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December 19, 2022

From the Chair: Haaland v. Brackeen and Rule 6.1

Henry Su

In November 2022, the United States Supreme Court heard oral argument in Haaland v. Brackeen, a case concerning the constitutionality of the Indian Child Welfare Act of 1978 (ICWA), a federal statute that establishes, among other things, default preferences for the adoptive placement of American Indian children with “other Indian families,” and pre-adoptive placement in “Indian foster home[s].” Defending the statute are the United States, led by Deb Haaland in her official capacity as Secretary of the Interior, and five American Indian tribes. Among those challenging the statute are three non-Indian couples seeking to foster or adopt children with American Indian ancestry.  The case presents a thorny question of whether ICWA’s default preferences amount to unlawful racial or ethnic classifications that violate the Constitution’s guarantee of equal protection, or legitimate political classifications that emanate from the Constitution’s recognition of Indian tribes as separate sovereigns.

The law firm representing the couples, Gibson, Dunn & Crutcher LLP (Gibson), has received a fair amount of flak from the public and the press for taking on this high-profile case pro bono.  Given my role as Chair of the American Bar Association’s (ABA) Standing Committee on Pro Bono and Public Service, I want to weigh in here as well—but not on the merits of the case, or the motives of the litigants or their counsel, whatever they may be.   Rather, I want to take this opportunity to clarify what counts as pro bono publico service under Rule 6.1 of the ABA’s Model Rules of Professional Conduct.  It’s important to me that when people talk about a case being taken on a pro bono basis, they understand the difference between pro bono representation and other representations where the client isn’t being charged a fee by his or her lawyer or law firm.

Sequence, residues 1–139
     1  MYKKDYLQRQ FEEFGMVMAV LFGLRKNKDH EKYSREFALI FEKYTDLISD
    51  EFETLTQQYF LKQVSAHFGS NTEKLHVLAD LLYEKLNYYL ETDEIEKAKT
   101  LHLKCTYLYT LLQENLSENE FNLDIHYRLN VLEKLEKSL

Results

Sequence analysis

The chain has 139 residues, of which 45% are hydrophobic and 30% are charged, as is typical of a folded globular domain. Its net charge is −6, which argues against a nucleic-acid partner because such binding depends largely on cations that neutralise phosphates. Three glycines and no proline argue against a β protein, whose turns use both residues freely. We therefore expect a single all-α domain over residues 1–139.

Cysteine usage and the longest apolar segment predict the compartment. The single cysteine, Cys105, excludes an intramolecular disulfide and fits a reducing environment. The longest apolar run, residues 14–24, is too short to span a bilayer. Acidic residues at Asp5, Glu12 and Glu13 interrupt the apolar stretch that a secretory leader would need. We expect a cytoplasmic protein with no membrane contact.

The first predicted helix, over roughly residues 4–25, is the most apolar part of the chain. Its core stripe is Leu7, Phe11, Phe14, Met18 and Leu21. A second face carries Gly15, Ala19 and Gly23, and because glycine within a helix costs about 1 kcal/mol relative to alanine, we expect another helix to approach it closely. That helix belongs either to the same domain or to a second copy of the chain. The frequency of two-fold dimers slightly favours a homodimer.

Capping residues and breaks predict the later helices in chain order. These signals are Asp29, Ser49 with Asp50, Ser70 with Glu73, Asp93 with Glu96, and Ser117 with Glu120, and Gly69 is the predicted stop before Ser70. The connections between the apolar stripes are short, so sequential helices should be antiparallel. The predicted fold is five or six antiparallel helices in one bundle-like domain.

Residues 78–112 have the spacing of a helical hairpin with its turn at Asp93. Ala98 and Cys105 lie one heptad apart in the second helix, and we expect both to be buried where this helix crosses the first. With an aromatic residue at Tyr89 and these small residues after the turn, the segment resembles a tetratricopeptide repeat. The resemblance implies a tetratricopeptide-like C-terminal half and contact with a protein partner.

Pro bono doesn’t simply mean rendering legal services to someone for free. Lawyers and law firms may provide free services for any number of reasons. Doing a favor for a family member, a close friend, or even a longtime corporate client presents an immediate and common example of a situation where a lawyer or a law firm may choose not to charge for services.

Instead, Rule 6.1 specifically embodies a lawyer’s “professional responsibility to provide legal services to those unable to pay."  It reflects the fact that a lawyer, as a member of the legal profession, is “a public citizen having special responsibility for the quality of justice,” which includes an obligation to “ensure equal access to our system of justice for all those who because of economic or social barriers cannot afford or secure adequate legal counsel."  Accordingly, first and foremost, pro bono means rendering legal services for free directly to or for the benefit of persons who cannot afford to pay.   Rule 6.1 thus recognizes and addresses “the critical need for legal services that exists among persons of limited means,” a crisis that the Supreme Court itself has acknowledged.